These excerpts from conversations with David, which were printed in Ramparts in the introduction to my interview with Angela at the Women’s House of Detention, were what led the federal marshals to subpoena me to appear as a prosecution witness against David in his upcoming trial.

The single charge against David was of knowingly harboring a federal fugitive. There was no suggestion that he participated in the shooting at the Marin County courthouse. As Judge John Cannella said in his instructions to the jury at the end of the trial, “the very crux of this case” was whether David was aware of the federal warrants for Angela. “If you find that the defendant had knowledge only of the state charges, you must acquit him.”

 

David had never said to anyone that he was so aware. Nobody had ever overheard him saying so. He obviously knew that she was wanted by the California authorities. But this was a federal case against him, and the prosecution had to prove he had knowledge of a federal warrant. The one piece of evidence against him was my interview with him.

I was a prosecution witness, but I was never going to testify against David — that was as likely as President Nixon appointing me to his cabinet. It wasn’t gonna happen, but I didn’t know how it wasn’t gonna happen. I’ve never been someone who accommodates hostile commands or demands. If I’m told by someone that it’s time for me to leave the premises, my initial impulse is to look for the nearest chair to make myself comfortable.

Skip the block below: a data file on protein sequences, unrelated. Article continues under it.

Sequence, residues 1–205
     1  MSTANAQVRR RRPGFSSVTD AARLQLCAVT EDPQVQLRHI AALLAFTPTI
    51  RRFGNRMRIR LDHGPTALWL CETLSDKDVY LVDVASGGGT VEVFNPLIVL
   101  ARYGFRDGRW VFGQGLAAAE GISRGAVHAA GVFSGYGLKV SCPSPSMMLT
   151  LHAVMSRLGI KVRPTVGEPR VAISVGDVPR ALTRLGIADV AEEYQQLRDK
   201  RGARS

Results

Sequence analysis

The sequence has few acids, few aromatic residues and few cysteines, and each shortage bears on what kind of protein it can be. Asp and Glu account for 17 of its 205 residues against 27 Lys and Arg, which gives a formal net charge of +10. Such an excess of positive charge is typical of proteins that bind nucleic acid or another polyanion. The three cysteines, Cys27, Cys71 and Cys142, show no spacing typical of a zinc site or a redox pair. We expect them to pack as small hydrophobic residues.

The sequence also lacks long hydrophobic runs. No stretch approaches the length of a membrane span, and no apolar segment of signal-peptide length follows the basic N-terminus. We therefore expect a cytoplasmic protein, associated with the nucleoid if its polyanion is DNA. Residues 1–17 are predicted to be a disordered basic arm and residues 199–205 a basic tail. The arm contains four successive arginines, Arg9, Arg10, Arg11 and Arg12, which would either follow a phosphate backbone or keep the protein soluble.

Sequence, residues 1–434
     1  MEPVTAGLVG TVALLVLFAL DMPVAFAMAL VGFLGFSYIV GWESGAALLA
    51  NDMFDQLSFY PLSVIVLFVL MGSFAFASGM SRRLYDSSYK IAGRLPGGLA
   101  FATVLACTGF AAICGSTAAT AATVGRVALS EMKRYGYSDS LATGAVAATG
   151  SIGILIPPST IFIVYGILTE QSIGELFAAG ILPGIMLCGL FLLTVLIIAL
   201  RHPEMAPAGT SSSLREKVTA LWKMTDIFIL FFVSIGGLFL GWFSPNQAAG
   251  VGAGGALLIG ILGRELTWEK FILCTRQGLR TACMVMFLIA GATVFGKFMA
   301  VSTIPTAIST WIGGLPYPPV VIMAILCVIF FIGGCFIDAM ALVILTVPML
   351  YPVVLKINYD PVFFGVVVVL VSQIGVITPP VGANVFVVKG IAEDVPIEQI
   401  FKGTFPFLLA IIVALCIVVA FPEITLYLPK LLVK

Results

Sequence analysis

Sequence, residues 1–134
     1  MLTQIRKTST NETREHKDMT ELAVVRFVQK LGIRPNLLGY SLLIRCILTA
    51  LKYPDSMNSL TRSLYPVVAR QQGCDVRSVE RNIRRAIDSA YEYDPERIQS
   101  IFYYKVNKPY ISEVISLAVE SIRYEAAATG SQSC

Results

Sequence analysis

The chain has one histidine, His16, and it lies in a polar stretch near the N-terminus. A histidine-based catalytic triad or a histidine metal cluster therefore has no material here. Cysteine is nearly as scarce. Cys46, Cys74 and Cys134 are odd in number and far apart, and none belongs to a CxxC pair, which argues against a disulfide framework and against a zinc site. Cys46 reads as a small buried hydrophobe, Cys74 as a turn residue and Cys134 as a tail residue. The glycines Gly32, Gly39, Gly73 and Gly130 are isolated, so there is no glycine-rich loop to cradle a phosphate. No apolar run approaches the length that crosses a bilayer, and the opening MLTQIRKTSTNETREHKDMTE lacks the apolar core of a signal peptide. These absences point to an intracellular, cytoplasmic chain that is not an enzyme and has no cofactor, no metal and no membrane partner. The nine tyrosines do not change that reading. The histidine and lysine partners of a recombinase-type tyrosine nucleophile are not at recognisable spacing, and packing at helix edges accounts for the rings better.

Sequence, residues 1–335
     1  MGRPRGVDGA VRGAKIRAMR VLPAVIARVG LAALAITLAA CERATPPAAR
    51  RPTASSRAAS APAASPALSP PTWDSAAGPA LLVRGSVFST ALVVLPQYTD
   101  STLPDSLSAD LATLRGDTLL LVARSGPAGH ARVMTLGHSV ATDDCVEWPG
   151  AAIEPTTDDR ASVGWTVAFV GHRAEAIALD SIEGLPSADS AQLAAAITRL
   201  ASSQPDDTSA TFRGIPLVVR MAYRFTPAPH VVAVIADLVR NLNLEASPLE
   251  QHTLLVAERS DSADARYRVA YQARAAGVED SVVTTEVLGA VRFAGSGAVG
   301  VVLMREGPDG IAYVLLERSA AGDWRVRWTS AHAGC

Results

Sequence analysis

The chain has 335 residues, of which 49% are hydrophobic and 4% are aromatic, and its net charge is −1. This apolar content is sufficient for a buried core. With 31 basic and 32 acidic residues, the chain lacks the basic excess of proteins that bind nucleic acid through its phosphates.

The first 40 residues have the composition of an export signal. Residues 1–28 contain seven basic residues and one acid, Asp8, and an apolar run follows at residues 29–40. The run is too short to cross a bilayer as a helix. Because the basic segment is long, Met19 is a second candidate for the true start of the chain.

But now I was going to face a federal prosecutor in open court, having sworn to tell the truth, the whole truth, and nothing but. This was cause for concern.

So I consulted individually with Charlene Mitchell of the Party’s Black Liberation Commission, who was now organizing the National United Committee to Free Angela Davis; John Abt, the Party’s chief counsel; and Mary Kaufman, another Party attorney who had served as a prosecutor at the Nuremberg trials of Nazi war criminals. I needed guidance: how do I avoid testifying against David?